Next we add the ColorPicker to the ListView. We give it the defined starting color, in this case screenPickerColor, a heading and subHeading, plus the required onColorChanged callback function. We use the color from the callback in a setState() to modify the screenPickerColor to the color returned by the callback. The callback in the ColorPicker is called whenever you select a new color in the ColorPicker. In this example we have also wrapped the color picker in a Card.

  // Show the color picker in sized box in a raised card.
  SizedBox(
    width: double.infinity,
    child: Padding(
      padding: const EdgeInsets.all(6),
      child: Card(
        elevation: 2,
        child: ColorPicker(
          color: screenPickerColor,
            onColorChanged: (Color color) =>
              setState(() => screenPickerColor = color),
            width: 44,
            height: 44,
            borderRadius: 22,
            heading: Text(
              'Select color',
              style: Theme.of(context).textTheme.headline5,
            ),
            subheading: Text(
              'Select color shade',
              style: Theme.of(context).textTheme.subtitle1,
            ),
          ),
        ),
      ),
    ),

This gives us round color pick items and an indicator for the selected color:

ColorPicker round with indicator

ColorPicker as a Dialog #

A common use case for a color picker is to show a color selection widget and allow users to select a new color in a dialog. The ColorPicker comes with a built-in dialog that can be used for this. Alternatively you can just use the ColorPicker widget and include it in your own dialog.

For the dialog example we will show all the built-in picker color selection options, except the combined primary and accent colors picker, and the black and white shades' picker. We will also add some custom colors for the Custom colors section of the ColorPicker.

First we define our custom colors and from our color definitions we create primary and accent color swatches by using ColorTools.createPrimarySwatch or ColorTools.createAccentSwatch for accent color swatches. We add these color swatches as keys to a ColorSwatch Map, that we map to our own custom String name values for our custom color swatches. You don't have to use the ColorTools functions to create the color swatches from a color, you can just as well define and use your own custom hand tuned ColorSwatch swatches. These ColorTools functions are just convenient helpers that can be used to make Material like primary and accent color swatches from a single color.

  // Define custom colors. The 'guide' color values are from
  // https://material.io/design/color/the-color-system.html#color-theme-creation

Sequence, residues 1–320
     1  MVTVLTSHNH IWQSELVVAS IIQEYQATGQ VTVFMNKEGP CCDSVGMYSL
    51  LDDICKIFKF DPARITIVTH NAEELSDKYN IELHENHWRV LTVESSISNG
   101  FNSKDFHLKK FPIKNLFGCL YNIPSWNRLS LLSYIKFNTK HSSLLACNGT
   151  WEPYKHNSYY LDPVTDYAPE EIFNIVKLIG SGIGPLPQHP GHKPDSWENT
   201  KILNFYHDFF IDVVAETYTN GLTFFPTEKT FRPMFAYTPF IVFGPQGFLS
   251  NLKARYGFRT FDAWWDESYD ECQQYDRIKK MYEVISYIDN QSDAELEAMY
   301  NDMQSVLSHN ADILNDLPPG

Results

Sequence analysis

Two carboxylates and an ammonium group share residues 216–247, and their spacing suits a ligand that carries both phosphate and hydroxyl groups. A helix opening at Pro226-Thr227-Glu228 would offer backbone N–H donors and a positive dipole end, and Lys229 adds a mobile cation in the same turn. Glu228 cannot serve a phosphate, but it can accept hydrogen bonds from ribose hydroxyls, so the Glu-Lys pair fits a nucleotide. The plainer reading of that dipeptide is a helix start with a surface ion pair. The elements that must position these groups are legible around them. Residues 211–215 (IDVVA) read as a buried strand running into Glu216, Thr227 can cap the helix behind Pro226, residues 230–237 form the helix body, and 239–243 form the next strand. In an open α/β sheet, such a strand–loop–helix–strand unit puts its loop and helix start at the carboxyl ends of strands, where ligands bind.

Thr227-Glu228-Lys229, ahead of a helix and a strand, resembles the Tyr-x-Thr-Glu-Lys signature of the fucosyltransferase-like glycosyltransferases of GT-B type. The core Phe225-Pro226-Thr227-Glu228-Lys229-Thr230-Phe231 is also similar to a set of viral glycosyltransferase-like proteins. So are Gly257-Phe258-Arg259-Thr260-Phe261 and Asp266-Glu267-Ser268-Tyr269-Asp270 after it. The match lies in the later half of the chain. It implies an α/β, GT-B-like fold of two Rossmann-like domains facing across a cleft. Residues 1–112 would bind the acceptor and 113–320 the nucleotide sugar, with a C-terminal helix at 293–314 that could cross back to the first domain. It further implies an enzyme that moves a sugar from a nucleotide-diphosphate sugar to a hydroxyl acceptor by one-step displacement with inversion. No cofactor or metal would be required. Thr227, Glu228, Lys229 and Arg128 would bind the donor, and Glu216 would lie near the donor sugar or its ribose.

static const Color guidePrimary = Color(0xFF6200EE);
  static const Color guidePrimaryVariant = Color(0xFF3700B3);
  static const Color guideSecondary = Color(0xFF03DAC6);
  static const Color guideSecondaryVariant = Color(0xFF018786);
  static const Color guideError = Color(0xFFB00020);
  static const Color guideErrorDark = Color(0xFFCF6679);
  static const Color blueBlues = Color(0xFF174378);

  // Make a custom ColorSwatch to name map from the above custom colors.
  final Map<ColorSwatch<Object>, String> colorsNameMap =
      <ColorSwatch<Object>, String>{
    ColorTools.createPrimarySwatch(guidePrimary): 'Guide Purple',
    ColorTools.createPrimarySwatch(guidePrimaryVariant): 'Guide Purple Variant',
    ColorTools.createAccentSwatch(guideSecondary): 'Guide Teal',
    ColorTools.createAccentSwatch(guideSecondaryVariant): 'Guide Teal Variant',
    ColorTools.createPrimarySwatch(guideError): 'Guide Error',
    ColorTools.createPrimarySwatch(guideErrorDark): 'Guide Error Dark',
    ColorTools.createPrimarySwatch(blueBlues): 'Blue blues',
  };

Then add a variable for the dialog picked color dialogPickerColor and set a start value for it as well.

class _ColorPickerPageState extends State<ColorPickerPage> {
  late Color screenPickerColor;
  late Color dialogPickerColor;

@override
void initState() {
  super.initState();
  screenPickerColor = Colors.blue;
  dialogPickerColor = Colors.red;
}

We use another ListTile to display a ColorIndicator, that we style a bit differently for this example. We also use its onSelect callback to open a dialog with another ColorPicker. Before we open the dialog we store the current dialogPickerColor's color value. This way we can restore this color value if the user cancels the dialog. We put this ListTile before the previous one, first in our list view. This will just ensure that it does not get hidden by the dialog on most phones.

  // Pick color in a dialog.
  ListTile(
    title: const Text('Click this color to change it in a dialog'),
    subtitle: Text(
      '${ColorTools.materialNameAndCode(dialogPickerColor, '
      'colorSwatchNameMap: colorsNameMap)} '
      'aka ${ColorTools.nameThatColor(dialogPickerColor)}',
    ),
    trailing: ColorIndicator(
      width: 44,
      height: 44,
      borderRadius: 4,
      color: dialogPickerColor,
      onSelect: () async {
        final Color colorBeforeDialog = dialogPickerColor;
        if (!(await colorPickerDialog())) {
          setState(() {
            dialogPickerColor = colorBeforeDialog;
          });
        }
      },
    ),
  ),

Next we create a method to show a ColorPicker with the built-in dialog. The colorPickerDialog is an asynchronous bool function, that returns true if the user closed the dialog picker with the Select button. If Cancel was selected or user dismissed the dialog by clicking outside it, false is returned.